A dash down the hill to get a closer look found 2 gulls in LBB uniform but one much larger in every way than the other. GBB was quickly ruled out due to light wing colour and leg colour yet the wing colour was too dark for Yellow Legged Herring gull, so why the size difference ? I even went around the other side to see if it was an optical illusion but the result was the same.
                                                                  I ll have to do a bit of looking up on this one unless my gull back up team get back to me first.

58 Greylag
123 Canada
2 Kestrel
3 Oystercatchers
4 Redshank
1 Cormorant
4 LBB gull
3 BHG gull
4 Curlew
2 Snipe
sev Lapwings and Mipits.
+ usual sp.


Wheatears moving in, Fly Flatts early a.m.

                                      Curlew across on Robin rock.

                                        Zoomed to 960mm
                              Common Sandpipers not as fidgety now.

  2nd wave of Wheatears arriving .
             Very distant across on the moor

Fly Flatts 0730-0945 hrs. Bright sunny start then improved to 80% cloud cover but wind got up to SW>6 gusting 7. Black rain clouds moving in from west by the end of the watch.
                                                                         A lively morning after overnight thunderstorms with a second wave of Wheatear moved in with 6 female and one male but keeping distant out on the moorland rocks. At least 9 Common Sandpipers settling in to their summer home now getting less flighty but mainly having to stick to the west banking until the water level recedes.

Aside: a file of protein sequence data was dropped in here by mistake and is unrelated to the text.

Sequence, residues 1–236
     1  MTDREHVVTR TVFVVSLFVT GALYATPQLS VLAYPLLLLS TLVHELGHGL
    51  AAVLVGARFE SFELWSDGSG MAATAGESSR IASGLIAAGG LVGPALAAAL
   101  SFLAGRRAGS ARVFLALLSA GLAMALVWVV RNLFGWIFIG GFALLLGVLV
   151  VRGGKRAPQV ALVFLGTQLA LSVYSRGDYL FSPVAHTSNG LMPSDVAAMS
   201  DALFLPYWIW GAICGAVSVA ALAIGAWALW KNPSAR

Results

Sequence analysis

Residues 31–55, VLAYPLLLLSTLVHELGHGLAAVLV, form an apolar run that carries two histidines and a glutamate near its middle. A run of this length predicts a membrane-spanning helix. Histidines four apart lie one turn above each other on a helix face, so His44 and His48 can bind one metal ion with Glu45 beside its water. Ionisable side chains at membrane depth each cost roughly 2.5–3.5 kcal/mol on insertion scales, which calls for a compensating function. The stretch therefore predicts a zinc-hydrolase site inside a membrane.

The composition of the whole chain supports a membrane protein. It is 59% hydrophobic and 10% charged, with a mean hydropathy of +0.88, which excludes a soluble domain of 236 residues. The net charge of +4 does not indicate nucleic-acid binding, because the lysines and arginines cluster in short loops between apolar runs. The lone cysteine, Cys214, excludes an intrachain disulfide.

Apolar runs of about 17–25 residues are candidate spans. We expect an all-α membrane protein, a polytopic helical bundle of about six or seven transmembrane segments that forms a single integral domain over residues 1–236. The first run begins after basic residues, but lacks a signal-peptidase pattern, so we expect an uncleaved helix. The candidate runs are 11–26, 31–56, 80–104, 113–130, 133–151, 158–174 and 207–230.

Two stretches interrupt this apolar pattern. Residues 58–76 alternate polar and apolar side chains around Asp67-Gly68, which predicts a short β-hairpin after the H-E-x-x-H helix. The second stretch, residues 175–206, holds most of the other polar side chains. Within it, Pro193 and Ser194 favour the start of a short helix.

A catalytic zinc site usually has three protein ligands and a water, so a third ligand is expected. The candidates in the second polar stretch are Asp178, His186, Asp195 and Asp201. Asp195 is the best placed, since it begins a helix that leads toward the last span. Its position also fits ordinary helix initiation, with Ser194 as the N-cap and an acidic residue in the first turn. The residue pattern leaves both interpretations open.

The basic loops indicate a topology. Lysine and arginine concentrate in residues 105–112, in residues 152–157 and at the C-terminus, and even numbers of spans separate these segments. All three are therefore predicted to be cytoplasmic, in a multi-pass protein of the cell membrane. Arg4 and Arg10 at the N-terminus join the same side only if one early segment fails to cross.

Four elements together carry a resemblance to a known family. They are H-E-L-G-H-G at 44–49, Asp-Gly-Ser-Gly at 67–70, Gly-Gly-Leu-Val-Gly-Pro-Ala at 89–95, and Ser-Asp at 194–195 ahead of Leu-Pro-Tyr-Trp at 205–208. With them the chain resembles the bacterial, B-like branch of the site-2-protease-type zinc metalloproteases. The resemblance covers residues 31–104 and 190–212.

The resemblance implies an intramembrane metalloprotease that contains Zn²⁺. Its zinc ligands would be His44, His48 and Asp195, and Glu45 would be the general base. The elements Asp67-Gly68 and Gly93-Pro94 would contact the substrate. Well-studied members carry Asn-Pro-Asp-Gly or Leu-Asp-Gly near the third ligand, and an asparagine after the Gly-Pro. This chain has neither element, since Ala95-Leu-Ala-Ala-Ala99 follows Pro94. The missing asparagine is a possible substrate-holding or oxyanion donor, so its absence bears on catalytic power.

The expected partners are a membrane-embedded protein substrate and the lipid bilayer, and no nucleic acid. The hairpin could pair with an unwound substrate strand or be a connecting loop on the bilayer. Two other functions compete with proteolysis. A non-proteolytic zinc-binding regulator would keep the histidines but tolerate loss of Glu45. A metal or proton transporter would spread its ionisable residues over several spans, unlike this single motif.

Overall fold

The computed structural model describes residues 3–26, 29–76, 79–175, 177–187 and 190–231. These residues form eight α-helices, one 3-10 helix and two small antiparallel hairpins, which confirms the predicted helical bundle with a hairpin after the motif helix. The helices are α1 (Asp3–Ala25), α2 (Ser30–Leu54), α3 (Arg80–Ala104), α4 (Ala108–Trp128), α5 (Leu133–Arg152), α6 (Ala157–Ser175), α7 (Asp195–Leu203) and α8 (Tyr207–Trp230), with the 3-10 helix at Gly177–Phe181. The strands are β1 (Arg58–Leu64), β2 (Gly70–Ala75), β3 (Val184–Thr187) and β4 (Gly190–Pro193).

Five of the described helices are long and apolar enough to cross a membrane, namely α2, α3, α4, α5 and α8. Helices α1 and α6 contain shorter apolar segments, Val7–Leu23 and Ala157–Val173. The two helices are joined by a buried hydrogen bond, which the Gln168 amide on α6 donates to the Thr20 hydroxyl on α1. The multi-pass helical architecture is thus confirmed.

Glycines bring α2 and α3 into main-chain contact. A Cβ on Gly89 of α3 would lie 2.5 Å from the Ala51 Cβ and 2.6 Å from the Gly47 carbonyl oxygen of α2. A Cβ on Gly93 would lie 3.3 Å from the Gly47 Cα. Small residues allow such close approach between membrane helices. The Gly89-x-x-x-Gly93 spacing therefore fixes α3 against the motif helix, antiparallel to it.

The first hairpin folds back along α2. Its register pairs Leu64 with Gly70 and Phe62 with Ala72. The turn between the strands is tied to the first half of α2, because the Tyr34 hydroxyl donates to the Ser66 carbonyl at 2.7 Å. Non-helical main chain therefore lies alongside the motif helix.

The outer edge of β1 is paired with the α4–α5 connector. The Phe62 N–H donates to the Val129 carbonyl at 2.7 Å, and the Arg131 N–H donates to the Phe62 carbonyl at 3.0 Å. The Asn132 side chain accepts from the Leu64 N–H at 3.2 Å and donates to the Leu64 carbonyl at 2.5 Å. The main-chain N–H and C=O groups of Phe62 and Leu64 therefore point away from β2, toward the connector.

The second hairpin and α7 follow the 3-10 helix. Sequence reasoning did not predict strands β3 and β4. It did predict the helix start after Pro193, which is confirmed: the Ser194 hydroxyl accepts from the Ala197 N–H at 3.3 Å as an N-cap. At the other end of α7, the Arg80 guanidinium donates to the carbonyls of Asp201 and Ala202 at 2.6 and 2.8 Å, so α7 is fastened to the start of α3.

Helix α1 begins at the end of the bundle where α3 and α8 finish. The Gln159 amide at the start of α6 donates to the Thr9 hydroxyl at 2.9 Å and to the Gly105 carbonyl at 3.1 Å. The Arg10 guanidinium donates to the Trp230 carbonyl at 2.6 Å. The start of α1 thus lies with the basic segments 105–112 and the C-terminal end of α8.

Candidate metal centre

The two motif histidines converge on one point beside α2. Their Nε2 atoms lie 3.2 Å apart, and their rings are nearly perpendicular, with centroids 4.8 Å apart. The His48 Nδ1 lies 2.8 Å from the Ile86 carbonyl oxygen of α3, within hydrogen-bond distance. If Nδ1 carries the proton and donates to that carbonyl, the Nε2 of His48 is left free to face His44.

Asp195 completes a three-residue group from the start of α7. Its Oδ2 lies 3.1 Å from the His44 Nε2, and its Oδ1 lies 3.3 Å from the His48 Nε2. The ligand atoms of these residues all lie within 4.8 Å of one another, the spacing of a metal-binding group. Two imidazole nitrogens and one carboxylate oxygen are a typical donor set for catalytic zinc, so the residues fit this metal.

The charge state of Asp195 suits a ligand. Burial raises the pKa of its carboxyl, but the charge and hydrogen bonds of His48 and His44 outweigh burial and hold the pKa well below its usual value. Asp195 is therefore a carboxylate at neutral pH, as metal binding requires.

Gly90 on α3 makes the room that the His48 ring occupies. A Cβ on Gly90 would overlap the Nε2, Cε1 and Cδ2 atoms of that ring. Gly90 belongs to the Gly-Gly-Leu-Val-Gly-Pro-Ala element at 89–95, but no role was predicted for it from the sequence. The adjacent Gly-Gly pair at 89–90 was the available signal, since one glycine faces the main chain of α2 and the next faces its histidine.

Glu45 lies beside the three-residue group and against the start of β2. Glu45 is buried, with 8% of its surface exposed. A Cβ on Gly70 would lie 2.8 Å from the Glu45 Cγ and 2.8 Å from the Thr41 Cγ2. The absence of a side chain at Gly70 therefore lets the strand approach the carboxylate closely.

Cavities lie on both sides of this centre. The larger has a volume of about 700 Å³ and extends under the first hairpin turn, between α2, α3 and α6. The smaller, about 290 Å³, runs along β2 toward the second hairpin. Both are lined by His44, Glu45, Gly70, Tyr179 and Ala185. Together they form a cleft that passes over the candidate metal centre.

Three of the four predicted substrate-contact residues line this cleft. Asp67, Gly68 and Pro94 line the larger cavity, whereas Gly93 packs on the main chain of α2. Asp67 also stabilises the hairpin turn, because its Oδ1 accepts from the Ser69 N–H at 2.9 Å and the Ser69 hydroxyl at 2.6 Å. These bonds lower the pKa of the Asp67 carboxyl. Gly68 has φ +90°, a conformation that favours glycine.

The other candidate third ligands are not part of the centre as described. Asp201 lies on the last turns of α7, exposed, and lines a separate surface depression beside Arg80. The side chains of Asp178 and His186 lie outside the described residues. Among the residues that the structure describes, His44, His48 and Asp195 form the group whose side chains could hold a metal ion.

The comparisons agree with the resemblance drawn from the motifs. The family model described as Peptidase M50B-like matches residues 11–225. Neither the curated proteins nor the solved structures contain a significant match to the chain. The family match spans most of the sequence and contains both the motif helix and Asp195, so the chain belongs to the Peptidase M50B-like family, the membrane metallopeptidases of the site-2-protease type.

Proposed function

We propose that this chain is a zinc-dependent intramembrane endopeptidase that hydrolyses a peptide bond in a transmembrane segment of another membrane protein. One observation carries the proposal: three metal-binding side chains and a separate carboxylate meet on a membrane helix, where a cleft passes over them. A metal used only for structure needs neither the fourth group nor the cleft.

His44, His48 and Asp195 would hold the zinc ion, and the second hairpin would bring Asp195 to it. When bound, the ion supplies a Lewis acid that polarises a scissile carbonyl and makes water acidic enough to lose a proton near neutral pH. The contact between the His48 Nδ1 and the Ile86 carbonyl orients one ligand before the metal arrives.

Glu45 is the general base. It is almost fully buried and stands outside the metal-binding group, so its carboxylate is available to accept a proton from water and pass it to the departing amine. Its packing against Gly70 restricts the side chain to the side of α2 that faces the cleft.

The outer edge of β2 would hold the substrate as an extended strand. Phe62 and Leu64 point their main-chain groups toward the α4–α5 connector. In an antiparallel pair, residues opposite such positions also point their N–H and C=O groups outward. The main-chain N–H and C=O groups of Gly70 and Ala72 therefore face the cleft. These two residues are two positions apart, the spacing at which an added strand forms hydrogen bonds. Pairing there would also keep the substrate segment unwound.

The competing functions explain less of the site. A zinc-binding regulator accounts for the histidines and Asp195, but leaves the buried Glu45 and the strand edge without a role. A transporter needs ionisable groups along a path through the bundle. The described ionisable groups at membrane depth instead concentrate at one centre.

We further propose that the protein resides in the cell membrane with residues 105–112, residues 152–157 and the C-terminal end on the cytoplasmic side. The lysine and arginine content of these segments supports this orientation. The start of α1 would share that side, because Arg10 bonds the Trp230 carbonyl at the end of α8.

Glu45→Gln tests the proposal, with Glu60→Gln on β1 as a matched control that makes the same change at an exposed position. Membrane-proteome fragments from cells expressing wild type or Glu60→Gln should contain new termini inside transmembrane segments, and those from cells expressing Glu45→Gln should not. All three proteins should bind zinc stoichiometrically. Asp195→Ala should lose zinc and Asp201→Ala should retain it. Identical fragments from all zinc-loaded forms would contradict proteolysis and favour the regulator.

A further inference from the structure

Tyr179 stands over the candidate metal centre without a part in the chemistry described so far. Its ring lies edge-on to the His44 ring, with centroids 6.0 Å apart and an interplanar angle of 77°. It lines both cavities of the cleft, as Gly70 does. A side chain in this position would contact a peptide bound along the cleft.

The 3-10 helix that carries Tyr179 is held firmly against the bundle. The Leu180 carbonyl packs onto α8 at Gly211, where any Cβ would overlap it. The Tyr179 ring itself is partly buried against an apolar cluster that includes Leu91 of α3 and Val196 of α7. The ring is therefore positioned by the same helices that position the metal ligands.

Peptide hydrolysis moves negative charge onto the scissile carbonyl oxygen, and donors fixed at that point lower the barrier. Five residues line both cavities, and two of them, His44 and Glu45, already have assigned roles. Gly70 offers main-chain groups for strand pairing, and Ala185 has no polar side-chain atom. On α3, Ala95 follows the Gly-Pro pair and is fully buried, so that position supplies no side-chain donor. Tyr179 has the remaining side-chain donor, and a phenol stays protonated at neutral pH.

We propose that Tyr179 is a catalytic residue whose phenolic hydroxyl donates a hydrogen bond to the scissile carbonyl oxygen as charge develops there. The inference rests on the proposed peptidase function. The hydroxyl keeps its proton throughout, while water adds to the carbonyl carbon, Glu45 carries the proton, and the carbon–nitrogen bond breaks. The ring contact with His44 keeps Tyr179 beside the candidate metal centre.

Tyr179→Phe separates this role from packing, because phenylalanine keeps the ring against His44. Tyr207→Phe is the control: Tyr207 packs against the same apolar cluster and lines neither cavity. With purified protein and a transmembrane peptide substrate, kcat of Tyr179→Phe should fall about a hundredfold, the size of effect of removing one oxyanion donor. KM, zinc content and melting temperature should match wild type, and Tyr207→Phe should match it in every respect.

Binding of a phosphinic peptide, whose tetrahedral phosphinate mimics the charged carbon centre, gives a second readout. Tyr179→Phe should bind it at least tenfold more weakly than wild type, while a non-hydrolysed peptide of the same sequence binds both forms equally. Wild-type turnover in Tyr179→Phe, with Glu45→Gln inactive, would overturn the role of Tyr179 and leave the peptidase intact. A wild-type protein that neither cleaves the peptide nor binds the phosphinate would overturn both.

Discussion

Bounce back Swallows were in good numbers with around 30 low and fast over the water heading into the SW wind whilst 4 LBB gulls were on the water but the intermedius had moved on.
A pleasing morning up there despite the strong wind.
Nothing yet again in the way of Goldies in the Nolstar fields but some big Linnet and Goldfinch flocks building up.

Saturday, April 21, 2018

Late visit to Fly Flatts.

            Common Sandpipers settling down a bit now

                              LBB gulls, graellsii left,  intermedius right.
                                  Plenty Herring gulls over >SW
                                               All 2 cy birds.

A late kick off this afternoon but luckily by 1545 hrs the sun had been blanked out with 90 % cloud cover on a S>3.